With Ahmed Hatem and Tarek El- Ebiary making cameo appearances.
Living up to the insane expectations of your family – one of several perennial Egyptian problems we’ve all faced at one time or another in our lives. But for Omar El Mohandes, take that and multiply it by 100, because, as you might have guessed, Omar is the grandson of legend of Egyptian cinema, Fouad El Mohandes.
Whether by luck or by design, Omar has found himself in the film industry, too, but behind the camera.
“Yes, I have definitely felt an immense amount of pressure,” he told us. “Yet film directors are never under the spot light like actors, so not everyone is familiar with the relationship between me and my Grandfather, El Ostaz!”
But to suggest that Omar is in his grandfather’s shadow would be unfair. In carving out his own path in the industry, Omar has worked on the two seasons of TV show, El Kenz, as well as the second season on El Gezera. But he took his biggest leap this month when, after two long years in the works, he released his first independent short film, Batal Raas El Sana, which he wrote, directed and even funded himself.
“The film captures 10 minutes that might at first seem random,” he explains of the experimental piece. “However, as the events unfold, we start to realize the importance of such a short period of time and how things can drastically change the life of an individual.”
But Omar is quick to distance the film, which focuses on a lonely policeman stationed on a solitary road in Cairo and features cameo appearances from actors Ahmed Hatem and Tarek El- Ebiary, from having any kind of explicit premeditated message, asserting that films are not lectures.
“Each individual has their own social baggage and experiences that help them form their own perspectives,” he told us before going on to show that, from a production perspective, he understands the hurdles that all emerging filmmakers face.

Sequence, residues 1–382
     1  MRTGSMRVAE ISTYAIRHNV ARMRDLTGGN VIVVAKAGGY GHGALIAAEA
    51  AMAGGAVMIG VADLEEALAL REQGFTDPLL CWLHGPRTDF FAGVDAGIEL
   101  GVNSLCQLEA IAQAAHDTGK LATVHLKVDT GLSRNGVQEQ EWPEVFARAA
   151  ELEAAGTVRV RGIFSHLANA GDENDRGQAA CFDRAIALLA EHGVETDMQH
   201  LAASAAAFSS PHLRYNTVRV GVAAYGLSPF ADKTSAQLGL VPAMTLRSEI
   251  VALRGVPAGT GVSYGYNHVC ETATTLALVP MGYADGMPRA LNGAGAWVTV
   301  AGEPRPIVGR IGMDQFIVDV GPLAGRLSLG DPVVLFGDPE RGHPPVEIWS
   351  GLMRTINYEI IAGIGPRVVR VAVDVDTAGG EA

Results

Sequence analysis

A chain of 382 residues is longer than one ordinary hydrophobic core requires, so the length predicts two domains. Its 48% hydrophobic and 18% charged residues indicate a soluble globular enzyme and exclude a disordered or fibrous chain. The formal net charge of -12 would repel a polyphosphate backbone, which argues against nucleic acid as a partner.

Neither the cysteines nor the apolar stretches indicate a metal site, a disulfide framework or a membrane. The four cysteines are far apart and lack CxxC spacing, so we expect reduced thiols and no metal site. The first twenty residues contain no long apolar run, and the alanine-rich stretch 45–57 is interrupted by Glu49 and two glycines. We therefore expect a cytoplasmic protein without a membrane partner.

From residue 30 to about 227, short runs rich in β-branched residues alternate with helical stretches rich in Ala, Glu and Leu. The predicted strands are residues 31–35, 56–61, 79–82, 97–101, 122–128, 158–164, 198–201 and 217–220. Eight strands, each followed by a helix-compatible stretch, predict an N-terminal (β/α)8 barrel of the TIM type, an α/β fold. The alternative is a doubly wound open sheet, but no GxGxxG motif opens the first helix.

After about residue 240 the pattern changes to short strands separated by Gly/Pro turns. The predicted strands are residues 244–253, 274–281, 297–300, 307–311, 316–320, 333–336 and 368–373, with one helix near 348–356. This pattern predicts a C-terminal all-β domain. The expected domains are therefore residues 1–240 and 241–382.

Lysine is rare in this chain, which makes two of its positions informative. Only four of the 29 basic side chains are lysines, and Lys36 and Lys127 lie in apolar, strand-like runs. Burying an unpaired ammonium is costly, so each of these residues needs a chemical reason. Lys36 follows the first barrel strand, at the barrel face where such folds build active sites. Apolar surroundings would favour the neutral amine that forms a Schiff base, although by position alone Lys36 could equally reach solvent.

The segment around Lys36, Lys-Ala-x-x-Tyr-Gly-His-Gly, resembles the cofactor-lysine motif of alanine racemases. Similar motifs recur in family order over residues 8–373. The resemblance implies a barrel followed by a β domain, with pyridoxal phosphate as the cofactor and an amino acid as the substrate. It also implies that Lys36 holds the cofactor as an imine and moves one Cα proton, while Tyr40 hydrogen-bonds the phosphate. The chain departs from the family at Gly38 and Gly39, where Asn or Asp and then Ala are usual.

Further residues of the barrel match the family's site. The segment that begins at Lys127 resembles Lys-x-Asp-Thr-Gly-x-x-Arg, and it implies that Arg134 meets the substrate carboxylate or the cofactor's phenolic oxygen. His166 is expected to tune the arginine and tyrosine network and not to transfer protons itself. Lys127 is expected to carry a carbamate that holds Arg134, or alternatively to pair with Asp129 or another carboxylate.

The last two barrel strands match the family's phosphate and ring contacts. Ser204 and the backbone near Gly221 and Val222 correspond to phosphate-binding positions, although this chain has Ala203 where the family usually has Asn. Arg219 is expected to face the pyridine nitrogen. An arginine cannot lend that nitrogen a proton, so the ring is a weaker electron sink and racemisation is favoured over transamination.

“Short films are extremely difficult to produce, because you can hardly find someone willing to invest money on a film that will not be released in theaters or TV. So I decided to write a one actor/one location short film that would be interesting while maintaining a low budget.”
But despite these hurdles, Omar isn’t about to let them derail his childhood dream. He has been toiling away at his craft since middle school, boasts Sherif Arafa as a personal mentor and credits his grandfather, along with Adel Imam, as his two favourites comedic actors – he even has every Fouad El Mohandes film ever made on VHS.
It’s this mix of growing up around the industry and his own curiosity in experimenting in the field which has equipped him for great things to come. Although it’s still very early in his career, he already has plenty of invaluable experience – a lot of which he says other Egyptian filmmakers can gain by following a few lessons he’s learned along the way.
“Challenge yourself!” he says in almost demanding fashion. “Embrace terrible and stupid mistakes, fail multiple times and get back up again. Take each failure as a life lesson and, as Martin Scorsese once said, watch at least one film per day!”
You can check out more of Omar’s work on his YouTube account.